Management of Patients with Intracerebral Hemorrhage


In addition to our projects on AICML, we are involved with several projects that relate to management of intracerebral hemorrhage (ICH). The Emergency Medical Services (EMS) triage system in Chicago and many other cities, requires ambulances to transfer non-trauma patients to the nearest emergency department. Unfortunately, those with ICH often end up in urban or community hospitals without any acute neurological/neurosurgical services. The only economically feasible way to preferentially triage ICH patients to appropriate medical centers with acute neurological/neurosurgical services is to have a method to enhance the in-field detection of ICH. Our work on AICML detection (see above) is one approach to rectify this problem.While we are working on technology that can help with acute in-field detection of ICH, we have done important work defining the present state of ICH care in urban emergency and community departments without acute neurological/neurosurgical services. We did initial work defining delays in acute definitive management of ICH patients related to hospital-to-hospital transfers due to the initial triage of ICH patients to hospitals with inadequate neurological resources. As a follow-up to that foundational work, we developed a stroke triage survey tool. We have personally surveyed emergency doctors at key urban and community medical centers without acute neurological/neurosurgical services and asked them to identify their inadequacies in this clinical area, share their perceptions of the impact of their clinical limitations on ICH patient outcome, and their reflections on methods to better triage ICH patients. Doctors who work in these emergency departments plainly stated that patients highly suspected to have suffered ICH should not be sent to their hospitals, and that patients have suffered worse outcome (including death) because of their inability to acutely treat these patients. This work has been presented ata an international conference and serves as an important foundation for the exciting movement within the stroke community to change the approach to triage of stroke patients.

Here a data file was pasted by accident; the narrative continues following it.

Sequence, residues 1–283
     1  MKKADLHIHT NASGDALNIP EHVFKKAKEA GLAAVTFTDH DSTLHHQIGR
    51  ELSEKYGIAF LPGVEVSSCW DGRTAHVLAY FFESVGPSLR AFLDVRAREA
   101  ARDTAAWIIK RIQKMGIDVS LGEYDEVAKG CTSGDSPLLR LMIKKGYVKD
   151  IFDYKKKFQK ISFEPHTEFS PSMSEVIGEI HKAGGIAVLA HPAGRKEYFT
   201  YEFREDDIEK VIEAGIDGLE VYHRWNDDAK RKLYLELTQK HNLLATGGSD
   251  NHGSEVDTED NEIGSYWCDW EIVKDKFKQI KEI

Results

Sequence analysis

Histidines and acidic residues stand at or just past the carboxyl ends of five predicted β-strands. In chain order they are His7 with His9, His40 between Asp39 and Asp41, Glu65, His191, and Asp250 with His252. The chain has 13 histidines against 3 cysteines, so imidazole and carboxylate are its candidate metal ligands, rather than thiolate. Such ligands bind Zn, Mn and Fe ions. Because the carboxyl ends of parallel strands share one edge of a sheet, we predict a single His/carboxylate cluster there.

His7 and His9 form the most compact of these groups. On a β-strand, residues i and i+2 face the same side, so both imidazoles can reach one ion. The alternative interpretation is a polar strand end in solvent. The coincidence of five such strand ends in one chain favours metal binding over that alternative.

We have an interest in some of the readily detectable and modifiable factors that may contribute to ICH expansion. One of these factors is abnormal platelet function, and we have recently described a consecutive series of patients with platelet dysfunction in patient with acute ICH – many without known previously exposure to anti-platelet agents. This work has been formally presented and adds to a growing body of literature that promises to shed new insights into the potential role of acute platelet function screening in ICH patients and the role for restoration with medication and/or platelet transfusion.

We are involved with two of the most important prospective multi-center clincial trials on intracerebral hemorrhage funded by the NINDS, Clear IVH III and MISTIE (presently on hold for the development and funding of the next phase of the trial). The University of Chicago Medicine is the site of the lead neurosurgical principal investigator for the entire trial. Clear IVH III involves enrolling patients with ICH and/or intraventricular hemorrhage who require ventricular drains to be randomized to either intraventricular rt-PA (to facilitate clot dissolution and limit ventricular outflow obstruction) or placebo. MISTIE focused on testing the outcome benefit of sterotatically adminstered rt-PA into an ICH with subsequent clot aspiration. These clinical trials are pivotal and will clearly impact the future management of patients with ICH.